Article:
This was a crowd-pleasing dish to make with my beautiful CSA Napa cabbage. As suggested in the original recipe, we ate it in flour tortillas but it would also be delicious served over rice. It was reminiscent of one of our family favorites, Thai One-Pot.
This recipe was adapted from Bon Appétit, contributed by Claire Saffitz. I modified the proportions, used scallions instead of chives, and wilted all of the Napa cabbage.
Yield: Serves 4 to 6
1 1-inch piece ginger, peeled, finely grated
6 garlic cloves, finely grated
16 to 18 ounces hot Italian sausages, casings removed (I used 6 sausages)
2 tablespoons (or more) vegetable oil
8 ounces shiitake mushrooms, thinly sliced
6 to 10 cups very thinly sliced Napa cabbage, divided (I used 1/2 of a large head)
2 to 3 tablespoons seasoned rice vinegar
2 to 3 tablespoons soy sauce
1/3 cup thinly sliced scallions or chives
1 teaspoon toasted sesame oil
2 teaspoons sesame seeds
8 large flour tortillas or mu-shu wraps, warmed (I used Trader Joe’s handmade flour tortillas)
hoisin sauce and Sriracha, for serving, as desired
- Using your hands or a wooden spoon, work ginger and garlic into sausage in a medium bowl.
- Heat 2 tablespoons vegetable oil in a large skillet, preferably cast iron (I used a 14″ stainless skillet), over medium-high and cook sausage mixture, breaking up with a wooden spoon, until browned, crisp, and cooked through, 6–8 minutes. Using a slotted spoon, transfer sausage mixture to a clean bowl.
- Increase heat to high and cook mushrooms in the fat in the skillet, tossing often, until browned and starting to release their juices, about 4 minutes (if skillet looks dry at any point, add a bit more oil).
- Add half of cabbage and cook, tossing often, until cabbage is wilted and tender, about 4 minutes. (I incorporated all of the cabbage, a handful at a time.)
- Drizzle in vinegar and soy sauce and cook, tossing, until liquid is mostly reduced and skillet is dry in spots, about 2 minutes.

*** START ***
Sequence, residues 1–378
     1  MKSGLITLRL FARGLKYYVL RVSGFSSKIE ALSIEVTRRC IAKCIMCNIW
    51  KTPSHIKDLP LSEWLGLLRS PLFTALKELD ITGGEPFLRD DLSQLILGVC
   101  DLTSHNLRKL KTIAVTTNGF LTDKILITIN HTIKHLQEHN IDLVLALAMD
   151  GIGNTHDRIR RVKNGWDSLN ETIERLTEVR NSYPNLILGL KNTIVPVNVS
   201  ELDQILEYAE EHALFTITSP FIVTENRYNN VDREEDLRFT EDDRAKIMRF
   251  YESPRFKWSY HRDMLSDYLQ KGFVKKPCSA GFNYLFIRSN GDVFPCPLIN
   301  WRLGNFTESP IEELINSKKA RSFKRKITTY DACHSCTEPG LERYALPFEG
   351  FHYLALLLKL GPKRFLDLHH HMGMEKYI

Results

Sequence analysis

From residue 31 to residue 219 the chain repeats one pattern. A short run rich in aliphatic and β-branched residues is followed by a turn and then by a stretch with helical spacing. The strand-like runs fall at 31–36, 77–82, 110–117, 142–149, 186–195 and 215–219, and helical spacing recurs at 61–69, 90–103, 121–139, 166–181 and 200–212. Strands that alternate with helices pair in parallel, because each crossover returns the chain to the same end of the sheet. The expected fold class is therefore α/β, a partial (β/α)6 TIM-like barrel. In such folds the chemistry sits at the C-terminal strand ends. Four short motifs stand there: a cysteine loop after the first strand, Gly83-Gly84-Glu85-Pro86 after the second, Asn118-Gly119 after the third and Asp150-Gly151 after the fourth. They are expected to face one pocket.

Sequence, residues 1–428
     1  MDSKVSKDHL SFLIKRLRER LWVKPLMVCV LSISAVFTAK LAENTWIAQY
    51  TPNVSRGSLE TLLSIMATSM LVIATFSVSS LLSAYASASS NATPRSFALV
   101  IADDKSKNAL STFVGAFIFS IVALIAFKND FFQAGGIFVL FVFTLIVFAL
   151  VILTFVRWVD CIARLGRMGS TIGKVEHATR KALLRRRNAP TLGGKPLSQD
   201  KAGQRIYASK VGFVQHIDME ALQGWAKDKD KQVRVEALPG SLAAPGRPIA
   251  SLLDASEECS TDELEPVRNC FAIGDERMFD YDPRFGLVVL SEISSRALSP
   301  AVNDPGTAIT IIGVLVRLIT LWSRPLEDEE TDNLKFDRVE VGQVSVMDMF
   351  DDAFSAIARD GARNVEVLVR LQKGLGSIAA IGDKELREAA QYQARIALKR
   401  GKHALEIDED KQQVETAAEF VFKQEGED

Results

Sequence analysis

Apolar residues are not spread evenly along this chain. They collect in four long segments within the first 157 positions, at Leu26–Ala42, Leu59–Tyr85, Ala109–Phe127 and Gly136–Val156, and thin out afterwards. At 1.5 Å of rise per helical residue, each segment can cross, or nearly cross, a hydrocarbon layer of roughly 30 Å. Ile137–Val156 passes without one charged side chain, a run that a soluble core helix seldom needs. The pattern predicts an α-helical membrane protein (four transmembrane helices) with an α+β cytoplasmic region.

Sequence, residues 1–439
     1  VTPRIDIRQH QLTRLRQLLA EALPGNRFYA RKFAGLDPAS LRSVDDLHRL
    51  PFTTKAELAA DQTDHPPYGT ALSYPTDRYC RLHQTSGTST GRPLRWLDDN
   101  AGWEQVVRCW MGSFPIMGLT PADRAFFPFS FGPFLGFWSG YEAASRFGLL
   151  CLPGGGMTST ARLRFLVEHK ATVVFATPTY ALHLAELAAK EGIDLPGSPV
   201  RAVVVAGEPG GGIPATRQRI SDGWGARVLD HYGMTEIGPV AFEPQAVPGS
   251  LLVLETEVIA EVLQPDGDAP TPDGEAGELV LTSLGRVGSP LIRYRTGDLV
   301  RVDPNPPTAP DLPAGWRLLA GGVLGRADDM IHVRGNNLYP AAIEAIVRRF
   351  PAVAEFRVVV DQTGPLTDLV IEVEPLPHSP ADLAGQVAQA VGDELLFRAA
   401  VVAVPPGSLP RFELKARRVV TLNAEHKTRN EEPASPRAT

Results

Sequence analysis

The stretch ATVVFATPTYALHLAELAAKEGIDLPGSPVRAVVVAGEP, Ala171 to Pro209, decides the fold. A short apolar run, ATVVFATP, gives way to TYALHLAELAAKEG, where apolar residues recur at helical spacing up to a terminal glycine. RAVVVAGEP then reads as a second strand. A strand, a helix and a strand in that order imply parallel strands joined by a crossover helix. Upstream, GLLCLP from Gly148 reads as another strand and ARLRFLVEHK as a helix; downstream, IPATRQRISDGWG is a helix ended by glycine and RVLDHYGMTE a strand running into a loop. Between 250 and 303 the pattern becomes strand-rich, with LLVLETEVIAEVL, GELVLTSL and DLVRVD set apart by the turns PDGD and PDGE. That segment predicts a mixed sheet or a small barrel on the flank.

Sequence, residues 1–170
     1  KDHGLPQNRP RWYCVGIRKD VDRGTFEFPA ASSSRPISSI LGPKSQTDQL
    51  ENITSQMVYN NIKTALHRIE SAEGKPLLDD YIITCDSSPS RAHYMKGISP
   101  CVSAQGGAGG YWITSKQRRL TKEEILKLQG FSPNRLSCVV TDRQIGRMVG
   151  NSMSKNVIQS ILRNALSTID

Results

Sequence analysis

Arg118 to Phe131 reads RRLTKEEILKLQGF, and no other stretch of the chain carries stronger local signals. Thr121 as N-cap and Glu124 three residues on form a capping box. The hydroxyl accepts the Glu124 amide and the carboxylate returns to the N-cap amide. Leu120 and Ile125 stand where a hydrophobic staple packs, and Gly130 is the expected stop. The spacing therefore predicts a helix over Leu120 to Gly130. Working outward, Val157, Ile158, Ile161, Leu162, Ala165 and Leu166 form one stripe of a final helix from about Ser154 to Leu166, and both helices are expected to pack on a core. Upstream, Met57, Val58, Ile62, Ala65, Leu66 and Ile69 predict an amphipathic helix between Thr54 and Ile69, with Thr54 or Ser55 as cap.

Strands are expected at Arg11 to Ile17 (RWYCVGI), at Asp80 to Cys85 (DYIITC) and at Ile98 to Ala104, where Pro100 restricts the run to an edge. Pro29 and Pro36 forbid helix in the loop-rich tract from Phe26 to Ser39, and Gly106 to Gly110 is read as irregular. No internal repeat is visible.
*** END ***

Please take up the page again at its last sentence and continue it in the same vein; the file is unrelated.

- Remove skillet from heat and incorporate sausage and remaining cabbage (if reserved) into stir-fry.
- Drizzle with sesame oil and sprinkle with scallions/chives and sesame seeds.
- Serve stir-fry with tortillas, hoisin sauce, and Sriracha for making individual wraps.
Posted in Greens, Pork, Quick, Recipes, Tacos
Tags: cabbage, chives, ginger, hoisin sauce, hot Italian pork sausage, Italian sausage, mushrooms, napa cabbage, quick, rice vinegar, scallions, sesame oil, shiitake, shiitake mushrooms, sriracha, stir fry, tortillas
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Happy St. Patrick’s Day! I am planning on serving shepherd’s pie tonight, but, for those of you serving corned beef and cabbage, this quick dish will put any leftover cabbage to good use. 🙂
This recipe was adapted from The New York Times, contributed by Melissa Clark. We ate it drizzled with sriracha and additional soy sauce. I also served the leftovers with scrambled eggs instead of fried.
Yield: Serves 4 to 6
- 5 tablespoons neutral oil, such as grapeseed or sunflower, plus more as needed (I used canola oil)
- 3 slices thick-cut bacon, in 1/2-inch pieces
- 1 small bunch scallions, whites and greens separated, sliced
- 4 cups shredded cabbage (from about 1/2 small head)
- coarse salt
- 4 garlic cloves, minced
- 6 cups cooked rice, white or brown, preferably day-old
- 2 ½ tablespoons fish sauce, plus more as needed
- ½ tablespoon soy sauce, plus more as needed for serving
- ½ cup kimchi, drained and chopped, plus more for serving
- ½ cup green peas (thawed, if frozen)
- fried eggs or scrambled eggs, for serving, optional
- toasted sesame oil, for drizzling, optional
- sriracha or other hot sauce, for serving, optional
- One day ahead, cook 2 cups of rice in 4 cups of water or stock. Once cool, store in the refrigerator overnight. (I used brown Basmati rice.)
- In a large nonstick skillet or wok over medium-high, heat 2 tablespoons oil until almost smoking. (I used a large 14-inch stainless steel skillet but a nonstick would have been preferable.)
- Stir in bacon, and cook, stirring constantly, until bacon is golden, about 2 minutes. Transfer to a heatproof bowl, leaving as much oil in the skillet as you can.